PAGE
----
Bank of Israel Holds Rates as Flug Reappointment in Doubt

(Bloomberg) -- The Bank of Israel held its benchmark interest rate steady again as questions loomed over the direction of monetary policy with Governor Karnit Flug’s reappointment in doubt.

The decision was predicted by all 16 economists surveyed by Bloomberg. With most economists and investors not expecting major changes to the lending rate this year as long as Flug is at the helm, the key question is who will become governor when her term ends in November.

Amid growing tension between the central bank and Finance Ministry, more than 70 percent of economists do not expect Flug to be reappointed for a second term, according to a Bloomberg survey. Economists see Eugene Kandel, a former National Economic Council chairman, as the most likely candidate to succeed her.

It’s “not important right now who will be next governor,” Flug told reporters after the rates decision. The more important consideration is to maintain the bank’s independence, she said.

Four of the 11 economists surveyed said change is a good thing for the bank. Seven predicted a new governor will take the central bank down a more hawkish path.

Strong Growth

Data released earlier Monday showed Israel’s economy grew 4.1 percent in the fourth quarter of 2017, and expansion likely continued at a similar pace in the first quarter of this year, perhaps even faster than the potential growth rate, the BOI said in a statement accompanying the rates decision. The bank’s research department kept its forecasts for economic growth unchanged, at 3.4 percent this year and 3.5 percent in 2019.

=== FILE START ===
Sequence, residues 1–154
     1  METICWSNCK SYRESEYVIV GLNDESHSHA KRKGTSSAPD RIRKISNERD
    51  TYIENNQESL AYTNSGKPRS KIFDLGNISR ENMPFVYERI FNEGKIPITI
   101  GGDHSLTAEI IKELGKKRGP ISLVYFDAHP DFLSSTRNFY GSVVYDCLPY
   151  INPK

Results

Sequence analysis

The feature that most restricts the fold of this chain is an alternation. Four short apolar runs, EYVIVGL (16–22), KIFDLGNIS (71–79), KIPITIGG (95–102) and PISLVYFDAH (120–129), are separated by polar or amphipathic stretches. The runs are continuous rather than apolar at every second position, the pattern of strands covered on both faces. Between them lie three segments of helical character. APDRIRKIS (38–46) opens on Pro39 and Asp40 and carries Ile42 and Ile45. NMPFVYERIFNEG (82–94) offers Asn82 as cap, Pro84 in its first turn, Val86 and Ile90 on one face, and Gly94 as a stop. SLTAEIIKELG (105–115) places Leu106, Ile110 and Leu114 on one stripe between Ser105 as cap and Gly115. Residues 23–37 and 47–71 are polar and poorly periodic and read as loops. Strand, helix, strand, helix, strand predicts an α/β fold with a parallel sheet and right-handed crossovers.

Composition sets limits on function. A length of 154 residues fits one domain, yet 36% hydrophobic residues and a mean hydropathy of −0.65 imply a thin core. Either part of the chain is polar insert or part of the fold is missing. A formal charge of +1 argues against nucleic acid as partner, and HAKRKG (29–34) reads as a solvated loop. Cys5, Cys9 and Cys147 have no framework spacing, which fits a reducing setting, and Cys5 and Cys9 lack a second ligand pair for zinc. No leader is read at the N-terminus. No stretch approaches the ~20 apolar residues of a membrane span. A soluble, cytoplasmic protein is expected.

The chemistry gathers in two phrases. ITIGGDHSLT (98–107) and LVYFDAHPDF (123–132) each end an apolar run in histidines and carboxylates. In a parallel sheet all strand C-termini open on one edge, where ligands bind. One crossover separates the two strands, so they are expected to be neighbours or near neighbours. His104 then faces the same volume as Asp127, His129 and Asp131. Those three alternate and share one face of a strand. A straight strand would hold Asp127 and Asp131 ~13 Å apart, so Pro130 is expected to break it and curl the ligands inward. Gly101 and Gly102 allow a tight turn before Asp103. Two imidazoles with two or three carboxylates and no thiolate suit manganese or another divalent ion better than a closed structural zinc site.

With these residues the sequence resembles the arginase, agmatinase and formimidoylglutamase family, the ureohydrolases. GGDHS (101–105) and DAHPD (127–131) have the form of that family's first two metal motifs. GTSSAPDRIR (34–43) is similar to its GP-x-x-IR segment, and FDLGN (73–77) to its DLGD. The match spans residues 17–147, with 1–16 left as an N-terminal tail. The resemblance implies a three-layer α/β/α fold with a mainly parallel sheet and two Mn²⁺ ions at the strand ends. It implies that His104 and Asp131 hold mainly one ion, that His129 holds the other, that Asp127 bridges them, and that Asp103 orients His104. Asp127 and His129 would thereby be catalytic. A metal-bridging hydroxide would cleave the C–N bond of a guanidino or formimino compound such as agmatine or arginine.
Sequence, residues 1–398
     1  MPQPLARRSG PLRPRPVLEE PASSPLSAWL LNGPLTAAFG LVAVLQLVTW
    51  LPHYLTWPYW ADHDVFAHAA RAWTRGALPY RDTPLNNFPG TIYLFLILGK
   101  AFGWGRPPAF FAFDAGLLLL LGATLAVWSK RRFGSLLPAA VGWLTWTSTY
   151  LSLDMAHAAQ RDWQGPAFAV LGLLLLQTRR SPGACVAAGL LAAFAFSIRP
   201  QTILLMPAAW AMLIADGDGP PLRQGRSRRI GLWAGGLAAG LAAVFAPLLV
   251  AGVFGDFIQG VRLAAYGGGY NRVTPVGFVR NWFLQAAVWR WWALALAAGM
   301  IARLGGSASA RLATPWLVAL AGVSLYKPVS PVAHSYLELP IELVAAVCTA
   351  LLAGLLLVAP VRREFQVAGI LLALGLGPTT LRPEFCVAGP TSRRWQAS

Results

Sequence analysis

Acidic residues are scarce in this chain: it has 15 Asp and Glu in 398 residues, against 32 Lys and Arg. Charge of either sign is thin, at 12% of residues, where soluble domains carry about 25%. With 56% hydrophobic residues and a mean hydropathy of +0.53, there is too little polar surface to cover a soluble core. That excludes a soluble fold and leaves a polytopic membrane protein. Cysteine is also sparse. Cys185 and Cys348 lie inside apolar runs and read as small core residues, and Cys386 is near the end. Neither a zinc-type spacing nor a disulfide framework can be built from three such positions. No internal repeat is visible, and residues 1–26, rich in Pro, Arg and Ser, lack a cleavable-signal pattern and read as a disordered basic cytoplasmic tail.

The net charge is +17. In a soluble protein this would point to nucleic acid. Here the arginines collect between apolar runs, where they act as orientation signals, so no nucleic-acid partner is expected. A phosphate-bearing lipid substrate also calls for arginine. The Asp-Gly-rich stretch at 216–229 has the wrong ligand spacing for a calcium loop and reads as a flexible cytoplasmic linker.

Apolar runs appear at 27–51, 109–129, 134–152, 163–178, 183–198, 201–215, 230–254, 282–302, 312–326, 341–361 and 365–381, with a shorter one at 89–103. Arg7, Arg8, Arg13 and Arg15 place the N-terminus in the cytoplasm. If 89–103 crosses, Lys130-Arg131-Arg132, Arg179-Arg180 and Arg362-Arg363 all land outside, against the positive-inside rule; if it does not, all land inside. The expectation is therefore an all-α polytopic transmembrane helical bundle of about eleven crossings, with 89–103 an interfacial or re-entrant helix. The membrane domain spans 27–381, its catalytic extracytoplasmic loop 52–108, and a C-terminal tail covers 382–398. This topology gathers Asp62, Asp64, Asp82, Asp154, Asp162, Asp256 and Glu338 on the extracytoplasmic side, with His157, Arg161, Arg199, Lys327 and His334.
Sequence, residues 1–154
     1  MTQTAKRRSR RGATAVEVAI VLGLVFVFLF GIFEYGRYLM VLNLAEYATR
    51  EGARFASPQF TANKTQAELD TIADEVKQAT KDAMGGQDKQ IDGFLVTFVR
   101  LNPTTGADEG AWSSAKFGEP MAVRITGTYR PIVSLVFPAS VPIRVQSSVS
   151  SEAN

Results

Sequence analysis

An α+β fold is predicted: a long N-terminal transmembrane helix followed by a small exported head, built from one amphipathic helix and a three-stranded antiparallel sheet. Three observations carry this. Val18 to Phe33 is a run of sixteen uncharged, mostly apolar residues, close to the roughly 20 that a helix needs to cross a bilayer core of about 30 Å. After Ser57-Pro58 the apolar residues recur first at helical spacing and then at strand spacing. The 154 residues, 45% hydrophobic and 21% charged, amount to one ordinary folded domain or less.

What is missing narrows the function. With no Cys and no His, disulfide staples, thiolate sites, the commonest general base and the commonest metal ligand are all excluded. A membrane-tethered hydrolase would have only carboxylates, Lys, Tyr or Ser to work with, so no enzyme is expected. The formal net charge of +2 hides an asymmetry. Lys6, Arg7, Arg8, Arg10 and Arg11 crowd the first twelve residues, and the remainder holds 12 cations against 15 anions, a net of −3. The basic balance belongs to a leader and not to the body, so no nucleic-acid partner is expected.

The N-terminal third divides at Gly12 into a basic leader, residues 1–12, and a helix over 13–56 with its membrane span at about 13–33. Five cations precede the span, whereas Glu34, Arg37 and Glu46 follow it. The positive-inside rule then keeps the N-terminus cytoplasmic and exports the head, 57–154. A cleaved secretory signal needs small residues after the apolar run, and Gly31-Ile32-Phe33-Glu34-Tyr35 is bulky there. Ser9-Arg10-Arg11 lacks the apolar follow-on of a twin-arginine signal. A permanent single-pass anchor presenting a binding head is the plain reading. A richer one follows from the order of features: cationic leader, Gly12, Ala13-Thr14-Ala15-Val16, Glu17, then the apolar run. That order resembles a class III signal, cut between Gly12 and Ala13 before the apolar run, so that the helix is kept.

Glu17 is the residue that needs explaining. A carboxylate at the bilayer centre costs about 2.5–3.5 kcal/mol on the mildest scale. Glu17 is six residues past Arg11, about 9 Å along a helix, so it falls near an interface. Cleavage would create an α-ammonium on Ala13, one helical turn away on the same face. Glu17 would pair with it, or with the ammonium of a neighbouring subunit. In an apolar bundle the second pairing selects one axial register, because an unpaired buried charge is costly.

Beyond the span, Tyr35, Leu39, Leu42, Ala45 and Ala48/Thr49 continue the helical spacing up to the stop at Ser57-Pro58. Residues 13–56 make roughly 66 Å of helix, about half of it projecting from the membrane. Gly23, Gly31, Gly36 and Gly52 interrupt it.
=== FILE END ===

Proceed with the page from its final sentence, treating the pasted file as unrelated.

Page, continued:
As in much of the developed world, where higher growth isn’t driving up prices quickly, Israeli inflation has hovered near zero for more than three years. The BOI statement noted signs that inflation is picking up, though it remains well below the bank’s target range. The research department maintained its inflation forecast of 1.1 percent by the end of the year.

Weak price pressures and a shekel near all-time highs against a basket of currencies have led the bank to keep its benchmark rate at 0.1 percent since March 2015. Israel, which relies on exports for more than 30 percent of its growth, is sensitive to its exchange rate and the central bank has accumulated foreign currency in recent years to keep the shekel from strengthening too fast.

The shekel weakened slightly after Monday’s rates decision, depreciating 0.3 percent to 3.5082 against the dollar as of 4:18 p.m. in Tel Aviv.

Global Risks

While the global recovery is proceeding apace, the BOI statement noted growing risks to the outlook. Addressing reporters after the decision, Flug cited geopolitical tensions and the chances of a trade war as potential risks.

Flug says the government needs to do more if it wants Israel’s economy to catch up to Europe and the U.S. She has pushed the government to invest more in infrastructure rather than cut taxes, which has sparked clashes with Finance Minister Moshe Kahlon, who has pushed for tax cuts.

After the bank’s annual report last month criticized Kahlon’s housing plan, Finance Ministry officials slammed Flug and Israeli media reported she wouldn’t be reappointed for a second term.

In its statement and at Flug’s presser, the bank said the housing market is showing signs of cooling, noting a slowdown in both prices and construction activity.

©2018 Bloomberg L.P.